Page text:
Why we use torch.cuda.synchronize()?

Why we use torch.cuda.synchronize()? When we do an operation on cuda device, does not it mean that it has done one the same line of code? Should we always wait for the ongoing operations on cuda?

import torch

# Check if GPU is available
if torch.cuda.is_available():
    # Move tensor to GPU
    device = torch.device("cuda")
    x = torch.randn(1000, 1000, device=device)

    y = x.matmul(x)

    # Wait for GPU operations to finish

To explicitly synchronize the code, e.g. to profile the kernel execution time.

No, since CUDA operations are executed asynchronously w.r.t. the CPU.

No, as it will slow down your code since your CPU is constantly blocked.
PyTorch adds needed synchronizations for you, e.g. if you want to print a CUDATensor.

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Sorry, but I am a bit confused. Suppose that we are doing an operation on cuda to predict some items and next we are going to calculate the loss e.g:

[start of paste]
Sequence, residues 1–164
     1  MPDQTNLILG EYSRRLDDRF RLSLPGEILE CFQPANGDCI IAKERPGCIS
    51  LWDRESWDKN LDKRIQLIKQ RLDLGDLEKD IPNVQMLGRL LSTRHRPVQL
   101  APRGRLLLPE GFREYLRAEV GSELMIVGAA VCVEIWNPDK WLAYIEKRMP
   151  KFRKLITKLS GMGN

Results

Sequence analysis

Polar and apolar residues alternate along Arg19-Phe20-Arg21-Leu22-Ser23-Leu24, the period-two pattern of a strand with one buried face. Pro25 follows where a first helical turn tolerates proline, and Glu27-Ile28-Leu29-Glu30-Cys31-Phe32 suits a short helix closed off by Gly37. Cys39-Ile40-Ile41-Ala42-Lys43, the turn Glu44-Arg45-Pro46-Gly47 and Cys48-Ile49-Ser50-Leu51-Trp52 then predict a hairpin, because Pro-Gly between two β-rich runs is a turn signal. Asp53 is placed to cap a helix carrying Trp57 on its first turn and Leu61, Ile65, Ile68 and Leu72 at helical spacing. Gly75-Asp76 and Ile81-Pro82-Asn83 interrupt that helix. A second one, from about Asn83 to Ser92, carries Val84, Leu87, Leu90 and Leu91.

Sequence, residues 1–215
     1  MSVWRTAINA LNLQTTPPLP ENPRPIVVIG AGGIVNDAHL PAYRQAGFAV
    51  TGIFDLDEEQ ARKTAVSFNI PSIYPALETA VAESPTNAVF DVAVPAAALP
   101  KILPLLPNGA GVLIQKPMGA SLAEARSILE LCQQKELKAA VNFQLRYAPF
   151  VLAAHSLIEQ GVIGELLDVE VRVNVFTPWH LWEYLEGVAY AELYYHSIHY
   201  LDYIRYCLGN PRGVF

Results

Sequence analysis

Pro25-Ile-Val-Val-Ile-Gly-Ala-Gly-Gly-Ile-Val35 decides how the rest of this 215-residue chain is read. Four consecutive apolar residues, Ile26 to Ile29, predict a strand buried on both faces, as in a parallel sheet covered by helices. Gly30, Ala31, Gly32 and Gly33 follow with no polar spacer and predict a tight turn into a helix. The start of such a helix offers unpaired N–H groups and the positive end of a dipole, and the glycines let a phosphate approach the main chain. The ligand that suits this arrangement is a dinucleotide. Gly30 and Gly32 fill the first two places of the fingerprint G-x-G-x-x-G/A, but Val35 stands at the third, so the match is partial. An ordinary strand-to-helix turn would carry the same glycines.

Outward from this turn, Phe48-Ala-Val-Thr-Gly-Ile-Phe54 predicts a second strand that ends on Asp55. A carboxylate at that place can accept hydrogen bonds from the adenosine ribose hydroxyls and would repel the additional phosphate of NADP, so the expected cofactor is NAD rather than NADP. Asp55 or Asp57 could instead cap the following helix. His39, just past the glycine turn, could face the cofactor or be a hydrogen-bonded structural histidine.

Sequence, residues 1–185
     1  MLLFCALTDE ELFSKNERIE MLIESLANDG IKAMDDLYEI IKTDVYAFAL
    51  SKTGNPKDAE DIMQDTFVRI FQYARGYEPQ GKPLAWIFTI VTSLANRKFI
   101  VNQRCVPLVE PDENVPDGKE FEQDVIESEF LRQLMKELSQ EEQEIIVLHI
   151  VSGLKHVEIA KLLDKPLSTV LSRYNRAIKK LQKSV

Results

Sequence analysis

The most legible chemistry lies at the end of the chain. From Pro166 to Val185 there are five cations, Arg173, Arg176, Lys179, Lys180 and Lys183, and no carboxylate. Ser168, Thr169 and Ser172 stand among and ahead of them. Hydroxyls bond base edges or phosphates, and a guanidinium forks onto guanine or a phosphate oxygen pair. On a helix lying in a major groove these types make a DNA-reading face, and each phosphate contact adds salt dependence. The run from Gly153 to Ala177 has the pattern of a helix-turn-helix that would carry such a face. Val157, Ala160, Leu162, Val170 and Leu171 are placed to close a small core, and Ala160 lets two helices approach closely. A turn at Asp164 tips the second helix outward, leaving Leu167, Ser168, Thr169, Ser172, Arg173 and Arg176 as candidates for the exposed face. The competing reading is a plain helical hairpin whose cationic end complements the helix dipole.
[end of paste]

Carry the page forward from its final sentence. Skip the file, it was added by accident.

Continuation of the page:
y_pred = model(x)

loss = criterion(y_pred, y_true)

So, should we explicitly add the synchronization before calculating the loss? Because we need to make sure that y_pred is ready, does not it?

Another question: how can cuda understand that for which operation should it wait for? For example, there are lots of processes running on GPU like any game, Blender, Adobe, or whatever. Which one should it wait for?


No, you don’t need to manually synchronize the code as the next operation will be queued to the same (default) CUDAStream. Explicit synchronizations would be needed if you use custom streams.
PyTorch creates an own CUDAContext for its execution and does not interfere with other applications. The driver schedules the execution.

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